Neither the hepatic insulin fractional extraction, nor the insulin and proinsulin fractional clearances, were significantly different in the three groups (Table 2) (*P* = 0.08, *P* = 0.26, and *P* = 0.12, respectively). On the contrary, the proinsulin-insulin cosecretion factor was found to be higher in T2DM subjects with respect to NGT and IGT subjects (*P* < 0.04). On the other hand, the total amount of insulin secretion was found to be higher in IGT subjects than in other groups (*P* < 0.01). When the cosecretion factor is multiplied by the total amount of insulin secretion to obtain total proinsulin secretion, the results yield a nonsignificant difference for any group (*P* = 0.053).

The patterns of insulin and proinsulin secretion rate during the OGTT for the three groups are reported in Fig. 4.

*Basal ratios and dynamic indexes.* Comparisons between the basal proinsulin-to-insulin molar ratio from experimental data and the index in dynamic condition due to OGTT stimulation (*Eq. 6*), and between the basal proinsulin-to-C-peptide molar ratio and the index from *Eq. 7* are reported in Table 4. PI_{b}/I_{b} was found to be higher in T2DM than in the other groups (*P* < 0.0001). A similar result was found when the index *f*_{PI}·*k*_{I}*/F*·*k*_{PI} (*P* < 0.003) was considered. Also, PI_{b}/CP_{b} was higher in T2DM (*P* < 0.001), as well as the index *f*_{PI}·*k*_{CP}*/k*_{PI} (*P* < 0.0007).

The mean basal proinsulin-to-insulin molar ratio was not different from the corresponding dynamic index in NGT (*P* = 0.6) and IGT (*P* = 0.09), whereas T2DM PI_{b}/I_{b} was higher (*P* < 0.0001). When the proinsulin-to-C-peptide ratio was considered, statistical difference was found in NGT (*P* < 0.0001) and IGT (*P* < 0.0001) but not in T2DM (*P* = 0.3). The Bland-Altman plot is shown in Fig. 5. The limits of agreement between the basal proinsulin-to-insulin ratio and corresponding index are not negligible with respect to the mean values of the compared variables (see Table 4). As a consequence, basal ratios and corresponding indexes cannot be considered equivalent. Similar results were found for the proinsulin-to-C-peptide ratio (not shown). Lack of equivalence was confirmed by regression analysis. However, although the slopes of regression line were significantly different from 1, a significant relationship was found between each basal ratio and the corresponding index (Fig. 6). The slope for the proinsulin-to-insulin ratio was 0.43 ± 0.08 (*P* < 0.0001) for NGT, 0.61 ± 0.10 (*P* < 0.0001) for IGT, and 0.56 ± 0.03 (*P* < 0.0001) for T2DM; that for the proinsulin-to-C-peptide ratio was 0.52 ± 0.07 (*P* < 0.0001), 0.76 ± 0.10 (*P* < 0.0001), and 0.65 ± 0.03 (*P* < 0.0001), respectively.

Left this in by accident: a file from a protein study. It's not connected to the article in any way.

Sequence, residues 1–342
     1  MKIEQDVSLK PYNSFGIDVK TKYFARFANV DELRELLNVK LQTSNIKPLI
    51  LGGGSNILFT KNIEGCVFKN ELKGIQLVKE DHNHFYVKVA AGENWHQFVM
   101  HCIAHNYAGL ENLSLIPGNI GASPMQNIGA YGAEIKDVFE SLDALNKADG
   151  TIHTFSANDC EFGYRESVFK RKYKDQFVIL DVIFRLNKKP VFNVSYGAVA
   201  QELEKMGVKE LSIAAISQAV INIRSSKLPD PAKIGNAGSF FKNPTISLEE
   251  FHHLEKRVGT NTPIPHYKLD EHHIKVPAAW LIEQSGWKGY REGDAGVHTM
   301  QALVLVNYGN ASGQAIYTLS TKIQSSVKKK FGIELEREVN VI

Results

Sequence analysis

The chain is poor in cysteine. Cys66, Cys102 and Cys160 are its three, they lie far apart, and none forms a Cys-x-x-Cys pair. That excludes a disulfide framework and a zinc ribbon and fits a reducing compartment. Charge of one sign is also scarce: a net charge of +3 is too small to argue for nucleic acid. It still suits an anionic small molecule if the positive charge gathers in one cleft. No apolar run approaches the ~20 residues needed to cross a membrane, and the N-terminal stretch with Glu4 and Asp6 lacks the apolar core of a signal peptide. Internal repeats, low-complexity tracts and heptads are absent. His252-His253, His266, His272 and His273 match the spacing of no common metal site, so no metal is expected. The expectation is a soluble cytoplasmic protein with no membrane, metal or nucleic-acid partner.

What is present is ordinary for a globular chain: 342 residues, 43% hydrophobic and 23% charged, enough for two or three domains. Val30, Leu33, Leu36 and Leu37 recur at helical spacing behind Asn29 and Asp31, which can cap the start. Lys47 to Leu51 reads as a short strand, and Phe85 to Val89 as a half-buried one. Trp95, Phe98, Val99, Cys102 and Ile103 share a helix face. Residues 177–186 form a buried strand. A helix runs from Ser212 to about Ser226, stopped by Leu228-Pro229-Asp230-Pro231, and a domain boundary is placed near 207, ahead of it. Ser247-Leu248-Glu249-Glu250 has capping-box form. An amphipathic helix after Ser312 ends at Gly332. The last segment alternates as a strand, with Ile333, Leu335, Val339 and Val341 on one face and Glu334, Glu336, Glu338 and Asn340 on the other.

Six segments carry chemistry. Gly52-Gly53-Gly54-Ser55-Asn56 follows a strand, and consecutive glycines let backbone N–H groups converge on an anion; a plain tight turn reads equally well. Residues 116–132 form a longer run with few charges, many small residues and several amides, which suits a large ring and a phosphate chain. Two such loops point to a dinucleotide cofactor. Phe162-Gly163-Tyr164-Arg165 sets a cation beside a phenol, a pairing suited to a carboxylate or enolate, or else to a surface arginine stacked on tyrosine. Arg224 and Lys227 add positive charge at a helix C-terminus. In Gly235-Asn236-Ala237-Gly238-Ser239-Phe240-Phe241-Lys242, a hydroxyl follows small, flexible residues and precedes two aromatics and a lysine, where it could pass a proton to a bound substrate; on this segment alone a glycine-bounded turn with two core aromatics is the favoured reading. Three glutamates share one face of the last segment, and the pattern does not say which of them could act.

## DISCUSSION

Proinsulin is used to evaluate β-cell function, because its elevated plasma levels are considered a sign of the worsening of the pancreatic activity (11, 23). In particular, the fasting proinsulin-to-insulin molar ratio is used as a marker of β-cell impairment (22). However, this ratio is based on the concentration of insulin and proinsulin in the periphery; thus it cannot directly indicate a possible defect at the β-cell level, because it can be affected by several other factors of insulin and proinsulin kinetics that can vary significantly in different conditions (20). To provide an index of β-cell function based on estimation of both secretion and kinetics of the peptides, mathematical modeling is necessary (6, 13, 18, 21).

To our knowledge, this study is the first to investigate endogenous proinsulin behavior during a dynamic test by exploiting mathematical modeling. The model well reconstructed the measured patterns of insulin and proinsulin peripheral concentration (Fig. 3), as assessed by the value of residuals (not shown). The parameter estimates were evaluated in terms of precision (4), as shown in Table 3. The CV of the estimates of insulin secretion, proinsulin-insulin cosecretion factor, and proinsulin clearance were satisfactory, although they slightly worsen in T2DM. As already observed in other studies (20), estimates of insulin hepatic extraction and insulin clearance were higher, but still acceptable.

Previous pharmacokinetic investigations performed by Galloway et al. (8) showed that proinsulin clearance ranged between 2.7 and 3.7 ml·kg^{-}^{1}·min^{-}^{1}. With the assumption of a proinsulin distribution volume of 99 ml/kg (8), proinsulin fractional clearance ranged between 0.027 and 0.037 min^{-}^{1}, in good agreement with that estimated by our model (*k*_{PI}, Table 2). Another study (24) found proinsulin clearance of 120 ml/min and proinsulin distribution volume of 9,300 ml, thus yielding proinsulin fractional clearance of 0.013 min^{-}^{1}. The slight discrepancy with our *k*_{PI} can be due to the administration of a pharmacological dose of proinsulin that yielded after 3-h serum proinsulin levels ∼400 pmol/l, which are 40 times higher than endogenous values. To the best of our knowledge, no studies in humans have reported direct assessments of the proinsulin-insulin dynamic cosecretion factor and the proinsulin secretion rate into the portal vein.